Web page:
Comments/Feature Requests regarding JEP 305: Pattern Matching

Maurizio Cimadamore maurizio.cimadamore at
Wed Jul 5 21:03:01 UTC 2017

On 05/07/17 21:34, William Shackleford wrote:
> In addition to being more concise:
>   n is not both used as the positive part of the NegNode and as the input
> parameter.
Note that this is likely to be a bug in the original example. It is not 
possible for a pattern binding to 'shadow' a method parameter name.
> It works with classes that have more fields/methods than constructor
> arguments.
> It seems to me that is better to consistently use a single syntax style
> rather than having one for classes
> that have only one or two fields that happen to match the constructor
> arguments and another more
> general style. This is especially true given that it doesn't even seem to
> make the code more concise.
Generally what you say is true - in many cases you will be able to write 
things even without nested patterns.

It is very likely that at the very least we will add some support for 
unnamed binding (with underscore '_' ) - in the spirit of unused lambda 
parameters (see JEP 302 [1]).

But where I think you reach the end of the road with that approach is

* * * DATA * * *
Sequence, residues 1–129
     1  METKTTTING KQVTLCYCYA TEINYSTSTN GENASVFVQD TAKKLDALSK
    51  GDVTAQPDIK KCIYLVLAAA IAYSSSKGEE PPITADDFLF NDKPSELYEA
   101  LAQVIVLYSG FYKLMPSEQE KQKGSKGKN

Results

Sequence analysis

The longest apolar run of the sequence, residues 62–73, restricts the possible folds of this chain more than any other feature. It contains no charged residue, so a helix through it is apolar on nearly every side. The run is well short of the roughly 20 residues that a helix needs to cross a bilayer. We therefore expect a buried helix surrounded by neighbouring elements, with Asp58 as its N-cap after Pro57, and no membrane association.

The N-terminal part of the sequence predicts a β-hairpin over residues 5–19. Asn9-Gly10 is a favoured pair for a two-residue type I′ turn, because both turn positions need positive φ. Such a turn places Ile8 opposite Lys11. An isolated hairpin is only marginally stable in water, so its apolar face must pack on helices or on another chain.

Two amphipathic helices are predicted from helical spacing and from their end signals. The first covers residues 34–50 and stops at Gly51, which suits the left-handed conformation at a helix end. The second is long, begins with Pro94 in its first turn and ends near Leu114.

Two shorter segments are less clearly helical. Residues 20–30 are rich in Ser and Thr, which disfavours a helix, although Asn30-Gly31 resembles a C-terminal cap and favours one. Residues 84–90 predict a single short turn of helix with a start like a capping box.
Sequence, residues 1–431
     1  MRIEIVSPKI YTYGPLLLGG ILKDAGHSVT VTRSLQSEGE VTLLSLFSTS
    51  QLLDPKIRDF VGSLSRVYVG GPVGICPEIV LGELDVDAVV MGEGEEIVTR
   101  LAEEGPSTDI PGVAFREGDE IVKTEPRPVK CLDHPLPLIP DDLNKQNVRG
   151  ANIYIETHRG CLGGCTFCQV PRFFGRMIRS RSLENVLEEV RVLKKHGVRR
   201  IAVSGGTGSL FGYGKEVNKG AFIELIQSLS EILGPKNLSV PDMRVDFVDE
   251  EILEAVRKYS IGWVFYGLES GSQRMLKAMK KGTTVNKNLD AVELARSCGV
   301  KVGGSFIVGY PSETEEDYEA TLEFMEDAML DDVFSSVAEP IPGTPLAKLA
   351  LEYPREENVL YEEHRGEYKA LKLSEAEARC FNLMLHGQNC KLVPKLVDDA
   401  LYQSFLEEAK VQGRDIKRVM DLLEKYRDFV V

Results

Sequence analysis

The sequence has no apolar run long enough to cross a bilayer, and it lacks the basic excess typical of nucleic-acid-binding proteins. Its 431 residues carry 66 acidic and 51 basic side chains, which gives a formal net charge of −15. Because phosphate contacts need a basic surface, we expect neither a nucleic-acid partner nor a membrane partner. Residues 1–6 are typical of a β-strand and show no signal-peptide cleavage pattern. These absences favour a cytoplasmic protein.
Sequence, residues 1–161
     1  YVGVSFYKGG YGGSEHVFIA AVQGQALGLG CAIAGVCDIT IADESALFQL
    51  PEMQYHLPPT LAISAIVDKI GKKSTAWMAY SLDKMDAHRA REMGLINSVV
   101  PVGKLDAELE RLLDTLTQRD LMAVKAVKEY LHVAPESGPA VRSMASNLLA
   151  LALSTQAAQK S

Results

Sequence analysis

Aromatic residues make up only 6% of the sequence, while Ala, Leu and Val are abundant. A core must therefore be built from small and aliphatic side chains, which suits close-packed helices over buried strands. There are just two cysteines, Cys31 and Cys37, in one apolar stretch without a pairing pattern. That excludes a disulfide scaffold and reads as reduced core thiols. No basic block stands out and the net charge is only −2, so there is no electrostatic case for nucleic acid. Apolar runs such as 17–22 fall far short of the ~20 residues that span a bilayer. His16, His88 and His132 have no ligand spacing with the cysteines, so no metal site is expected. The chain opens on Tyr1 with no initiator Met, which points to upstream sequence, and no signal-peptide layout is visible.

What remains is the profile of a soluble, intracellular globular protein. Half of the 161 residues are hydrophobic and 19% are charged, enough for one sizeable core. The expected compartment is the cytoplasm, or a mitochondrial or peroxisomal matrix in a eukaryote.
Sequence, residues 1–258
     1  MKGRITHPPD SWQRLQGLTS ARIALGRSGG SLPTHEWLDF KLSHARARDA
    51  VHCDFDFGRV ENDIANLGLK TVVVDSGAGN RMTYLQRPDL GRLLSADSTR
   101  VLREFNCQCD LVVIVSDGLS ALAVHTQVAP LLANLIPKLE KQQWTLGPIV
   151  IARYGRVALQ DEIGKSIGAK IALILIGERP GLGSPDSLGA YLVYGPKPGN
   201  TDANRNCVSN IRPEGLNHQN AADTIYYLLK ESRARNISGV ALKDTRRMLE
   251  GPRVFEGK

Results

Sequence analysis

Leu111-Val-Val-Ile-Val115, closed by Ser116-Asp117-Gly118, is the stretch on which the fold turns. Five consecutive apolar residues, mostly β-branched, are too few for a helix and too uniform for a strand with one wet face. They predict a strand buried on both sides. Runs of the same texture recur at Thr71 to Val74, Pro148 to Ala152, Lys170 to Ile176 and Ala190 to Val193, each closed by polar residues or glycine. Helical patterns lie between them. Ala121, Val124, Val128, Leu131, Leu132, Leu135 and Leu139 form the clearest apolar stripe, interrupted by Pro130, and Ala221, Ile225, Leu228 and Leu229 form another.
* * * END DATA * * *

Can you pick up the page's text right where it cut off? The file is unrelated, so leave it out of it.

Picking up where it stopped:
when matching arbitrary expressions. Let's say you want to 'simplify' an 
expression - that is, given an input expression, you want to construct 
another expression that is simpler than the one in the input, by 
recognizing things such as:

-N + N = 0
0 + N = N
0 * N = 0
1 * N = N

To recognize some of those cases, you need to build more complex 
patterns; for instance, for the first case you need a pattern like this:

case AddNode(NegNode(IntNode(var n1)), IntNode(var n2)) && n1 == n2: ...

[sidebar: '&&  n1 == n2' is what we call a _guard_ - a binary expression 
that further controls whether a pattern matches or not]

Writing something like the one above without nested patterns would be 
extremely hard - you could start by checking that the outermost 
expression is an AddNode, as in your example, but then you would still 
need 2 dynamic checks for the two nodes, and then a further dynamic 
check for accessing the guts of the NegNode. In other words, getting at 
the two int values would be extremely unpleasant and verbose w/o any 
support for nested patterns.

For simpler examples, I'm with you, simpler patterns might be just fine.


[1] -

More information about the amber-dev mailing list